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Transferable skills are competencies you can use in any job; they’re not technical and don’t require any education. There are plenty of benefits to developing skills like these and they can make you stand out from similarly qualified candidates if you’re looking for a promotion or a career move.
Ask yourself what you can do to show you have the following transferable skills:
Ask for extra responsibility; if you’re able to demonstrate that you can lead other people in your team and get good results then you’re more likely to be considered for management roles. But remember, it’s not just about you; being a good leader means taking others forward with you.
Show you’re on board with the rest of the team by working together with them on projects. This means offering assistance before it’s been asked of you and allowing others to advise on your own work.
If your department is facing an issue, don’t keep quiet in the background and wait for it to solve itself. Think about possible solutions and propose them to the group, stating how you intend to overcome the problem and why you think your suggestion will work. It’s better to try and resolve issues, even if your solution doesn’t work, than not take any sort of action.
Prove yourself to be one step ahead at all times so that whenever your manager asks for an update on anything you always know exactly what stage you’re at and when a task will be completed.
Mistakes often happen when there has been poor communication between departments or within a team. Check in with your line managers often and keep email threads relating to your current projects so you can refer back if needed.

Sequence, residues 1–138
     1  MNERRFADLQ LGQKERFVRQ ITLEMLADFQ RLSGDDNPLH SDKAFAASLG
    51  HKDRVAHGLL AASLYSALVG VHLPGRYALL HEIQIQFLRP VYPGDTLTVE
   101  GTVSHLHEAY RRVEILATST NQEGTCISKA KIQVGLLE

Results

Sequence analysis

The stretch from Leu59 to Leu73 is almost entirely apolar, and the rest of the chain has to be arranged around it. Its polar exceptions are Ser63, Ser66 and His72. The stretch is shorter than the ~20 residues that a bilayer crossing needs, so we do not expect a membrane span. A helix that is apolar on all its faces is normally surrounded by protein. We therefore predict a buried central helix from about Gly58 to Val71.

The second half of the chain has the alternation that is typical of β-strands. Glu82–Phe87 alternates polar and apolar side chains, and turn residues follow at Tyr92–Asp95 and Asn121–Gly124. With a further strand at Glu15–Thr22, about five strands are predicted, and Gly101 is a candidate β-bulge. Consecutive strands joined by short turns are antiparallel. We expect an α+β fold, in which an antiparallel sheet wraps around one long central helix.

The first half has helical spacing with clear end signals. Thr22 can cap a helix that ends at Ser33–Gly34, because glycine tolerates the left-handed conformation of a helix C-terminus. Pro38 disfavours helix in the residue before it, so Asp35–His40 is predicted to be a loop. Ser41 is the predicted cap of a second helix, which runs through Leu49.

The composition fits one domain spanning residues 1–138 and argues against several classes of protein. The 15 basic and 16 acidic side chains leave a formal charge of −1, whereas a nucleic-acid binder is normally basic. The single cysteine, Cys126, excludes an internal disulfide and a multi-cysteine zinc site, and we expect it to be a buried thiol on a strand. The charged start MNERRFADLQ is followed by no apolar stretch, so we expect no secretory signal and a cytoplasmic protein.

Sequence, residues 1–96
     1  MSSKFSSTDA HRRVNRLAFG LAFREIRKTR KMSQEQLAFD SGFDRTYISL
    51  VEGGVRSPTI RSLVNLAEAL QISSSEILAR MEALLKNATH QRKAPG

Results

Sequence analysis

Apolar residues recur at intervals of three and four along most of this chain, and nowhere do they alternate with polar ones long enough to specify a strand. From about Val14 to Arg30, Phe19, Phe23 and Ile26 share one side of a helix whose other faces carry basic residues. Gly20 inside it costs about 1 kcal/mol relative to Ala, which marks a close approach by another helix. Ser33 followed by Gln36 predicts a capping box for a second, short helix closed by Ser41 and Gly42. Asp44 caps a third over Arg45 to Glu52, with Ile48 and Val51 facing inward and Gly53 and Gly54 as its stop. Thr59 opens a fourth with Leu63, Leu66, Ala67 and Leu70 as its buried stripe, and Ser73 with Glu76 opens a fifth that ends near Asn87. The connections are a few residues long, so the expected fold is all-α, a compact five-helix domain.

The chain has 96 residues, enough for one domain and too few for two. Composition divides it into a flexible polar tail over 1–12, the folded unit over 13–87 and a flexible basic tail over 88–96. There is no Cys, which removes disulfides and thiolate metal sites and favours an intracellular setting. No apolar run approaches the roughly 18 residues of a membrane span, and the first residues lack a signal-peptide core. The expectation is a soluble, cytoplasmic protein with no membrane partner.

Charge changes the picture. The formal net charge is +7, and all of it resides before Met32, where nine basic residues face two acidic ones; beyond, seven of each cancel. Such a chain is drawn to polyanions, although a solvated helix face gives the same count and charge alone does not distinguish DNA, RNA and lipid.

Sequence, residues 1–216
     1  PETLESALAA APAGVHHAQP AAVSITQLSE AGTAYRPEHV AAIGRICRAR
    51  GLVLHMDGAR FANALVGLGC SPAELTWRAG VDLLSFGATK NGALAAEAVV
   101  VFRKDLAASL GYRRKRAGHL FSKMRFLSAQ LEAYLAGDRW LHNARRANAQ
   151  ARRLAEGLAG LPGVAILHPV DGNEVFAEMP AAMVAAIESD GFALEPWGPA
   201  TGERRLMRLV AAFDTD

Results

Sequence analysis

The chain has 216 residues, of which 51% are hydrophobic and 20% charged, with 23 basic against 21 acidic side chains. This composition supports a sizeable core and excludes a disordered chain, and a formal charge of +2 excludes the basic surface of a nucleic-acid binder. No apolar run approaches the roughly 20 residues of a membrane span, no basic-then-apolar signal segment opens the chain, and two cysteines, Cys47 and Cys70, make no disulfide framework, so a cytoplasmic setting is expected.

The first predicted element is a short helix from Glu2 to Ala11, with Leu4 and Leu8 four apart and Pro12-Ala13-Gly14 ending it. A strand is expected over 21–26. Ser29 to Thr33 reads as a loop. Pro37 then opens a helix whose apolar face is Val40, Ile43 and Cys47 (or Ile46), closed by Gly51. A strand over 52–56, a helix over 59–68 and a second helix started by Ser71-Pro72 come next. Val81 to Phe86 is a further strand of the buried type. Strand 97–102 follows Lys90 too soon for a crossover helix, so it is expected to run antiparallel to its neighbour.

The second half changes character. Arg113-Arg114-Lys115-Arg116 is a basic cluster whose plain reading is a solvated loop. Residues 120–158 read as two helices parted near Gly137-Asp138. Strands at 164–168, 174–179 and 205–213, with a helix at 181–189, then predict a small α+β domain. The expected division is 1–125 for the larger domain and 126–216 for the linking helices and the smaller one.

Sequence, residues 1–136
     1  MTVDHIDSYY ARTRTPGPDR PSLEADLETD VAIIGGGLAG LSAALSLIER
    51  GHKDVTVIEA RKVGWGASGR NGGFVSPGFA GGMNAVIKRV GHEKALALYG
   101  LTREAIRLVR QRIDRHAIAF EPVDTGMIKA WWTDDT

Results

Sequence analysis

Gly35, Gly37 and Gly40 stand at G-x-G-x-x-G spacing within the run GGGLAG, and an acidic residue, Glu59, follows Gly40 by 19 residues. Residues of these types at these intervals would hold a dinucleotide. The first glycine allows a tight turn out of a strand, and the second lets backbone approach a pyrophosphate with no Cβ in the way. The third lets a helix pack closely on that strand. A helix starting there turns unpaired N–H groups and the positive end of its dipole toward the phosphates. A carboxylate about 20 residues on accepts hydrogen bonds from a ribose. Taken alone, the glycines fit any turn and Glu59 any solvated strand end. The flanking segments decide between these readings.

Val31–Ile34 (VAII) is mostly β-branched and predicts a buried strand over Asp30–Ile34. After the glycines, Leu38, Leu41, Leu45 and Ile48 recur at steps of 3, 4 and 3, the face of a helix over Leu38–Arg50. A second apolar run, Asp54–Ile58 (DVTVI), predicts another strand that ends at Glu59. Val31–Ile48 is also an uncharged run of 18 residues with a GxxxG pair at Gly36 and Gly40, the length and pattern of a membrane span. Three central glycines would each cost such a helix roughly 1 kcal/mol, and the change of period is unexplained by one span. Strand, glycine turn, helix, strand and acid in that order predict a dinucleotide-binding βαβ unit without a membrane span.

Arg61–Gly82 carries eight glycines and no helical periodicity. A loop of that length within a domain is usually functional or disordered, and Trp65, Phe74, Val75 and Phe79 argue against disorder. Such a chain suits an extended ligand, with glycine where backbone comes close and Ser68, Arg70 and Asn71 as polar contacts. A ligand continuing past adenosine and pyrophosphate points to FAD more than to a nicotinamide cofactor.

This is a skill many people often overlook. Knowing your own capabilities is sometimes difficult, you might lack confidence in your abilities or think you can take on something that turns out to be too much. It’s always good to challenge yourself and learn new things but know your boundaries to avoid problems later.
Motivating yourself and those around you is a great skill to have, and a desirable quality in managers. If you’re developing yourself professionally, you find you’re considered more seriously for higher roles if it’s evident you motivate your team.
Thinking for yourself and confidently making your own decisions shows you take initiative, rather than letting others do half the work for you. Of course, not everyone is in the position to make decisions at work, but if you can try and offer your individual expertise into the process.
You might not be considered for a higher level role if you’re very rigid in what tasks you’re willing to do and the hours you’re willing to work. This doesn’t mean you should be putting in hours and hours extra every week and getting nothing back, but if you’re asked to come in early for a meeting or stay late to get work finished, there’s probably a good reason.
Developing transferable skills like these will not only come in use when you’re growing your career, they’ll also be applicable to a role if you decide to start a career in a completely different role.